K. O'Bibliophile's Reviews > The House of Silk

The House of Silk by Anthony Horowitz
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's review
Jan 03, 2012

really liked it
bookshelves: sherlock-holmes, mystery
Read from October 06 to 09, 2012

A new Holmes book, written by acclaimed author Anthony Horowitz and endorsed by the Conan Doyle estate? Could it be--that frustratingly elusive non-canonical Holmes book that is actually good?


Let it be known I've pretty much given up hope when it comes to new Sherlock Holmes books. I love Laurie King, and if her books are more about Holmes' new partner--well, at least they're engaging and I don't feel like the great detective has been replaced with an alien. But most other books ring hollow, and supporting characters like Watson are turned into bumbling imbeciles.

The House of Silk does a fantastic job matching the tone of the original stories, and Horowitz's characterization is superb. Watson, who--as usual--is both narrator and character, is one of the rare Watsons who doesn't make me fantasize about throttling him. Lestrade, who also makes a few appearances, is similarly well-written.

My main problem with the book is that it almost feels like a stunningly still story. Watson is very involved--indeed, I almost want to say that he's too involved, and thus we don't get to see Holmes in action as much as we should.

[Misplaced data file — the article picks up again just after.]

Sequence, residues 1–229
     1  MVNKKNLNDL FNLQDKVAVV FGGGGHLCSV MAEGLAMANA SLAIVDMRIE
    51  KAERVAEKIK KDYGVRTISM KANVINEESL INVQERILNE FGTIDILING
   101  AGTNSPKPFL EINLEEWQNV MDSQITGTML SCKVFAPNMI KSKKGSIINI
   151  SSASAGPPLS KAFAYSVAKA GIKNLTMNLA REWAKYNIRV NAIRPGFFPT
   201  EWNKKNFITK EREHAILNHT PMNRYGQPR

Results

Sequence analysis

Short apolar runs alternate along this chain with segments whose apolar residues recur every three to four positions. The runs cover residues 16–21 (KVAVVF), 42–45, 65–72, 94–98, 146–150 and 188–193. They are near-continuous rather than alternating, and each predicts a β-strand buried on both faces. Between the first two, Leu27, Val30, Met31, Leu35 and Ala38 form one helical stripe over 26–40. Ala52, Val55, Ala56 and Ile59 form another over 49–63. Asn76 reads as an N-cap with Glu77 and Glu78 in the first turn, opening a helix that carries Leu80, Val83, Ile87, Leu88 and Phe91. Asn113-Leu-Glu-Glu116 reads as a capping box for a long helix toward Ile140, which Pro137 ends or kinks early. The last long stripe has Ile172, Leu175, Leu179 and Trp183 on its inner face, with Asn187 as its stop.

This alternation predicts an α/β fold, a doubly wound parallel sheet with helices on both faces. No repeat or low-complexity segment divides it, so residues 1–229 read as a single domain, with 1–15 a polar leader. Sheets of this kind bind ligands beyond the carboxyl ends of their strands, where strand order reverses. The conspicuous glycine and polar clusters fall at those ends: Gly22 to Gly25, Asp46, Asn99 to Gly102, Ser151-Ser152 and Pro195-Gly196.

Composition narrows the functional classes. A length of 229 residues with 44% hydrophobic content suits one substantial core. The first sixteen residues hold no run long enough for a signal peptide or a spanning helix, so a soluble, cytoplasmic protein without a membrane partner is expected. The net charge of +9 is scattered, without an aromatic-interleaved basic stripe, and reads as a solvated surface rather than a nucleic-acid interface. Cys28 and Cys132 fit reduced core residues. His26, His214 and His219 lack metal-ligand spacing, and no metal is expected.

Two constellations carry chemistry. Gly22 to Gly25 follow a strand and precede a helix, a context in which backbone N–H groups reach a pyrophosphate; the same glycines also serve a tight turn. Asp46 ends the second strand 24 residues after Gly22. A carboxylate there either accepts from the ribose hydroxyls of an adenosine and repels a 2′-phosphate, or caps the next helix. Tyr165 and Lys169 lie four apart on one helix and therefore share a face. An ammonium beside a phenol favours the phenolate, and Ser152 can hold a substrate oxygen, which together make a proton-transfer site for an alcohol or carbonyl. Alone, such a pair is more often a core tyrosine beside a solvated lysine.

Obviously, in stories that follow the normal Holmes format (i.e., Watson's first-person narration and retelling), it has to be a balancing act between Watson himself and the man we actually want to read about. In this case, Holmes was often with Watson, but there were times when a definite lack of action or slow-down just sucked the energy out of the story.

And yet, I'm glad that the book had well-written characters (DO YOU KNOW HOW HARD IT IS TO FIND A DECENT WATSON?!), and as far as writing style goes, it's incredibly close to Conan Doyle. It definitely deserves the estate endorsement, and for Holmes fans it's a must-read, if only from the library.

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Reading Progress

10/06/2012 page 33
11.0% "There's a telegram that includes an apostrophe in a name ("O'DONAGHUE") and a question mark ("CAN YOU COME?"). This strikes me as odd. "How to Write Telegrams Properly" published in 1928 says that punctuation is usually skipped or spelled out ("?" = "QUERY") because the punctuation costs and it's difficult to transmit. Or is this my brain picking on things that are accurate because it's something I don't see often?"

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